A treasured religious and cultural artefact looted from Nigeria by the British forces has been returned to its rightful owner – after more than a century.
At a special ceremony held at Aberdeen University, a Benin Bronze statue hailed as a “representation of identity and culture” was passed on to the people of Nigeria in the spirit of “doing the right thing”.
The sculpture, which depicts the head of an Oba (King), is one of thousands artefacts, which were “immorally” stolen during the destruction of Benin City by a British military expedition in 1897.
It was later purchased by Aberdeen University in 1957, where it had remained since as part of their artefact collections.
Work to return the statue was initiated several years ago after it was confirmed it was one of the so-called “bronzes”, acquired when the royal palace of the Oba was burned and robbed.
‘The return of stolen art is the right thing to do’
His Royal Majesty, Oba of Benin, Omo N’Oba N’Edo Uku Akpolokpolo, Ewuare II, said that keeping stolen artefacts away from their homeland is “wrong”.
He said: “Much has been said about the significance of heritage art and, in spite of the occasional attempts in some quarters to downplay their cultural and religious relevance, these works are often imbued with the spirit of the people from whom they were taken.
“Regardless of the resistance in some quarters, the return of stolen art is the right thing to do.
“In any event, we thank Aberdeen University for this noble act of returning our bronze work.
“We hope that other institutions worldwide will see the injustice when they insist on holding on to items, which in fact should be a reminder to them of the great injustice that was inflicted on a people so far away and so long ago.”
‘These sculptures represent us and our ancestors’
The Obasuyi of Benin Chief Charles Uwensuyi-Edosomwan added: “For us this is the recovery of a long-lost family member.
“These sculptures represent us. They are wrongly described as art pieces – they are not.
“It’s flattering that people find them beautiful but they weren’t carved for their beauty for them to be displayed as art.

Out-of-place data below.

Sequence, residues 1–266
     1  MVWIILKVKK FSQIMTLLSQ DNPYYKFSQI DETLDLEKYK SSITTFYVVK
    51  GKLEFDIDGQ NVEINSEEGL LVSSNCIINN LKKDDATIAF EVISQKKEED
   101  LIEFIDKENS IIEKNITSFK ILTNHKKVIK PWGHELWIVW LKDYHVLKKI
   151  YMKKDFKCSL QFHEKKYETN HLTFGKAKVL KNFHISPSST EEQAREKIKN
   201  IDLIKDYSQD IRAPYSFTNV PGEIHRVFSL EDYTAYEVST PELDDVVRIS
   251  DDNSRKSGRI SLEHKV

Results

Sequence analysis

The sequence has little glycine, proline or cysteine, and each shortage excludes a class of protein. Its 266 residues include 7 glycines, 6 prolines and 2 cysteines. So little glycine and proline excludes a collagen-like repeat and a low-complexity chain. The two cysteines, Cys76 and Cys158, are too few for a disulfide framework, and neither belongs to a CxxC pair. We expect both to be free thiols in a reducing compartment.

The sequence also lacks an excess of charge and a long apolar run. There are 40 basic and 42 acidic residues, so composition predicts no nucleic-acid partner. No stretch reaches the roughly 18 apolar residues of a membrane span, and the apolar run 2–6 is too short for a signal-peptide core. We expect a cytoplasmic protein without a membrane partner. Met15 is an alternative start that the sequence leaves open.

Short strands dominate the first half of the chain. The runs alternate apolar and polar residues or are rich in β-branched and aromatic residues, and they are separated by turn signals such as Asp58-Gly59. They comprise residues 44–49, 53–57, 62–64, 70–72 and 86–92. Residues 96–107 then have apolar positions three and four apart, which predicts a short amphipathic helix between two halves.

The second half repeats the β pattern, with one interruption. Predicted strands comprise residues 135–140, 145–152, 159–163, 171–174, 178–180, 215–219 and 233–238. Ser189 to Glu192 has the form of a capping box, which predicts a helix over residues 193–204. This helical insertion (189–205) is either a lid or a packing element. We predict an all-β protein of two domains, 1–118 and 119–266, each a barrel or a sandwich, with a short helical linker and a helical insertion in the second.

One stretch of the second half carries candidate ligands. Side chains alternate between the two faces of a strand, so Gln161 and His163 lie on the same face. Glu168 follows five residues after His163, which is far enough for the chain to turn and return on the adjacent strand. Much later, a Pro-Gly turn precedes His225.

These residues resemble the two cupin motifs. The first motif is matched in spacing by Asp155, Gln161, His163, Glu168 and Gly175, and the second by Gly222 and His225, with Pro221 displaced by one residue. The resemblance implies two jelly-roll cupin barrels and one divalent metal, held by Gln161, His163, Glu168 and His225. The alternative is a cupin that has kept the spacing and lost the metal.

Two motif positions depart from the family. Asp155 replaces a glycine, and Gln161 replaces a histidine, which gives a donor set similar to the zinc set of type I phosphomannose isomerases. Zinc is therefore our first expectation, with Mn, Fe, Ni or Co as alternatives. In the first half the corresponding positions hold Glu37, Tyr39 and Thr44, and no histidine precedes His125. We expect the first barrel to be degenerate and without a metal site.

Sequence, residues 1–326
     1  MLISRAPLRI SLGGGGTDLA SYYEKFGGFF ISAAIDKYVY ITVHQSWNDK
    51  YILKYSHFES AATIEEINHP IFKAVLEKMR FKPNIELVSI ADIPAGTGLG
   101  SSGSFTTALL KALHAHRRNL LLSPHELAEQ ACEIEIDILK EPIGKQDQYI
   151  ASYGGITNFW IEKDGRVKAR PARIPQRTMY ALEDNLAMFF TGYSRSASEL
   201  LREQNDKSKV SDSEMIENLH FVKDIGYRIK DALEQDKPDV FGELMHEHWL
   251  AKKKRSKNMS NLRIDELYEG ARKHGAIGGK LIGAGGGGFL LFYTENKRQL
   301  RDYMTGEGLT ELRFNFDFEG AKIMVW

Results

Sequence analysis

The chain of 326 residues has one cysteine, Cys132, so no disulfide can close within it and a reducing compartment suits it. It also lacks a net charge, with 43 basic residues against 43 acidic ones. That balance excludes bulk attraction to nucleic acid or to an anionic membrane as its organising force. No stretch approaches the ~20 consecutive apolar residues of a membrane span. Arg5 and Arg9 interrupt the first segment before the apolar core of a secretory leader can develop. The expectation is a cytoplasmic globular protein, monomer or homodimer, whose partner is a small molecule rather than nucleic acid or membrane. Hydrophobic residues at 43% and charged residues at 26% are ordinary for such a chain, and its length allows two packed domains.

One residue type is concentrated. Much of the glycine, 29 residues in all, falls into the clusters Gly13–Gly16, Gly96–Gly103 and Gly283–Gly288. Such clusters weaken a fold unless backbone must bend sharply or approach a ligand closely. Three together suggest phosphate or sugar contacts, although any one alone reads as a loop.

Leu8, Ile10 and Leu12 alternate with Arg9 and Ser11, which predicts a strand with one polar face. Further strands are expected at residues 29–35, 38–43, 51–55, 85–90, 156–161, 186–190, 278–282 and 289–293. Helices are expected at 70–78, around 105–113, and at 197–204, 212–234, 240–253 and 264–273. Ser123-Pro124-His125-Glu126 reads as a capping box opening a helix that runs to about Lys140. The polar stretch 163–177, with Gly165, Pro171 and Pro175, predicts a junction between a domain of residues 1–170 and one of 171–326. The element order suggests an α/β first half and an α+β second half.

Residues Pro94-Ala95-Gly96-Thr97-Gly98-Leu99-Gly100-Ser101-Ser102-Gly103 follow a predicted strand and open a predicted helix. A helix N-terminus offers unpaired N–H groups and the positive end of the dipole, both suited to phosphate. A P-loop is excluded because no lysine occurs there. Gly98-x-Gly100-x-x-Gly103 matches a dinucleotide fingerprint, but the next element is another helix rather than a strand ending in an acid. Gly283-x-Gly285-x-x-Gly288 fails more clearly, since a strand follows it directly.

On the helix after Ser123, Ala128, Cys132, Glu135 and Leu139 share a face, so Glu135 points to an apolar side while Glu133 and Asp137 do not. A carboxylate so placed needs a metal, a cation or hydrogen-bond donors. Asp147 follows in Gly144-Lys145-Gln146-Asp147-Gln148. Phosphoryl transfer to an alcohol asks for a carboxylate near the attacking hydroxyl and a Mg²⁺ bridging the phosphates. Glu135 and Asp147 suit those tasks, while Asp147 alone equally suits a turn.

“For us they are so much more than that and they need to come back to us.
“It’s a representation of us and our ancestors – those who have been there before us and watch over us now, and the ones we look back to when we want to move forward.”
Returning an item of such ‘great culture significance’ is the ‘right thing to do’
The process of a legal transfer began in March last year with the university working to support the timescales identified by the Nigerian partners for the sculpture’s physical return.
The partners have now committed to the safe-keeping of the bronze “in such a manner and in true essence of its sovereignty”, until it can be put on public display at the Oba’s palace or other agreed place.
Professor George Boyne, principal and vice-chancellor of the Aberdeen University, said: “Over the last 40 years the Benin Bronzes have become important symbols of injustice.
“It would not have been right to have retained an item of such great cultural significance that was acquired in such reprehensible circumstances.
“The university took a proactive approach to identify the appropriate people to discuss what to do and we are extremely grateful for the collective approach taken by the partners in Nigeria, which has facilitated this return.
“We are delighted to welcome our guests representing the Federal Republic of Nigeria, the Kingdom of Benin, and the National Commission for Museums and Monuments and commend their spirit of co-operation in making this possible.”